The confirmation hearings of Sen. Jeff Sessions of Alabama, President Donald Trump's nominee for attorney general, provided plenty of drama that can help explain why racial tensions never seem to go away in America.
This was particularly evident in the concluding panel of the hearings, which consisted of six black men, three opposing Sessions' nomination and three supporting him.
The three in opposition were all members of the Congressional Black Caucus. The three in support were all black legal professionals with long personal histories working with Sessions.
Testifying in support were a former assistant U.S. attorney who worked with Sessions when he was U.S. attorney in Alabama, a former U.S. marshall who worked with Sessions in the attorney general's office of Alabama and the first black general counsel of the senate judiciary committee, on which Sessions serves.
Striking about the testimony of these three black professionals was that all of them knew and worked with Sessions for 20-plus years. Each had personal stories about his professional and personal integrity. Clearly all three of these men testified because of their gratitude and affection for this man.
Judiciary committee general counsel William Smith captured the views of all three saying, "After 20 years of working with Jeff Sessions, I have not seen the slightest indication of racism because it does not exist..."
In contrast, the three Black Caucus members, Sen. Cory Booker, Rep. John Lewis and Rep. Cedric Richmond, went on about their opposition to Sessions because of his alleged weakness on civil rights — a polite way of suggesting he is a racist — while bringing virtually no evidence to support their allegations.
As Smith noted in his testimony, "We have seen people who have never met Senator Sessions claim to know him and know his heart."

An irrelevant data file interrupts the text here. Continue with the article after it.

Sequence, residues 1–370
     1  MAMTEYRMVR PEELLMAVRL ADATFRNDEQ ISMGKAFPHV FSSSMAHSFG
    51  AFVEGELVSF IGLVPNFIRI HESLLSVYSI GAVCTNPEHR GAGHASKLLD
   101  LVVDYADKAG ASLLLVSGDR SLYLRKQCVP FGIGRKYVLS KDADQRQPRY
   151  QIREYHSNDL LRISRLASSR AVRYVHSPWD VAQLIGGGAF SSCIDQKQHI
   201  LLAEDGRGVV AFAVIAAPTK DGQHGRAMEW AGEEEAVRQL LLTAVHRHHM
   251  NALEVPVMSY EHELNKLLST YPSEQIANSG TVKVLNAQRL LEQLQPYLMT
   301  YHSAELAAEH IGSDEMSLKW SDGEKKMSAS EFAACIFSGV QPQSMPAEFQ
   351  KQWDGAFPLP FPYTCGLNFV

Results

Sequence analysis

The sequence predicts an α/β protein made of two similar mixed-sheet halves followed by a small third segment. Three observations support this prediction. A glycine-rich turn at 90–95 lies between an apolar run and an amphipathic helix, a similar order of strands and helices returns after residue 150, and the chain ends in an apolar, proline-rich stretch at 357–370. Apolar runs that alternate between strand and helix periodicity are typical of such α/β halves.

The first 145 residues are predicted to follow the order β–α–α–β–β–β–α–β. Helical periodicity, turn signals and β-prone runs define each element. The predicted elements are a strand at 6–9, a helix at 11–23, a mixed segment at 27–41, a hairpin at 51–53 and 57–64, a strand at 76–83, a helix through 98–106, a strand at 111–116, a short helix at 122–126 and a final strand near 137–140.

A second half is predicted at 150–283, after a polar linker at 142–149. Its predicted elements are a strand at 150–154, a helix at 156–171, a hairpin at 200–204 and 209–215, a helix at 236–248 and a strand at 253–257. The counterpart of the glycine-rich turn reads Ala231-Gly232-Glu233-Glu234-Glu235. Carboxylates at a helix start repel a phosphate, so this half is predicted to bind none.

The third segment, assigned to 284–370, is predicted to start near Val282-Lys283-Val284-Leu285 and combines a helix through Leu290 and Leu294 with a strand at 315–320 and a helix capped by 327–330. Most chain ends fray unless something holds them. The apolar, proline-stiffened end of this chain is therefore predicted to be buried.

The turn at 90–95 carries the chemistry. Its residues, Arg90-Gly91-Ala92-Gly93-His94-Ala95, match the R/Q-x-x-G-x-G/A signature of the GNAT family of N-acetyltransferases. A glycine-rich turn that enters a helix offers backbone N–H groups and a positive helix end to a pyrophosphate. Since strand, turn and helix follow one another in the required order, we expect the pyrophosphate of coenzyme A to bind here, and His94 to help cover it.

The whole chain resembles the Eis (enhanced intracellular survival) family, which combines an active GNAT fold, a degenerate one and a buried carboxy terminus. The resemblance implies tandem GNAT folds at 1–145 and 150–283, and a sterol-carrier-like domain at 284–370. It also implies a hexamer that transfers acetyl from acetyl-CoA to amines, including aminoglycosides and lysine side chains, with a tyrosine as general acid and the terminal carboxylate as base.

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Unfortunately, politics has come to be conflated with racism. That is, those on the black left who have dominated black politics for so many years now brand anyone who does not share their political views as racist.
This could not have been more evident than in the haughty and pretentious observation by Richmond, chairman of the Congressional Black Caucus, that "....if he (Sessions) were, in fact, a champion of civil rights, wouldn't the civil rights community support his nomination, rather than speaking with one voice in near unanimous opposition?"
I have been fighting for civil rights for over 30 years. But for a black leftist like Richmond, the many black conservatives who share my views don't exist.
According to the black left, a black who believes that abortion should not be legal, who believes that black parents should have the right to decide where to send their children to school and who believes that marriage is the sacred bond between a man and woman is not part of the "civil rights community."
Similarly, based on these beliefs, because he is a conservative, Sessions must be racist.
Let's think for a minute why racism is so horrible. Racism is about denying a person's unique humanity and thinking you know who they are based a few external characteristics. It is sadly ironic that this is exactly what those on the black left, who claim to bear the standard for civil rights, do.
The three black men who testified to support Sessions' nomination are evidence of the diversity of black opinion nationwide.
We're not going to get out of our racial rut until everyone starts seeing and respecting people as individuals.
Philosopher longshoreman Eric Hoffer once wrote, "Every great cause starts out as a movement, then becomes a business, and eventually degenerates into a racket."
The problem the Black Caucus has with Sessions is not that he is a racist but that he is a conservative, and that is not good for their racket.
Star Parker is an author and president of the Center for Urban Renewal and Education. Contact her at www.urbancure.org.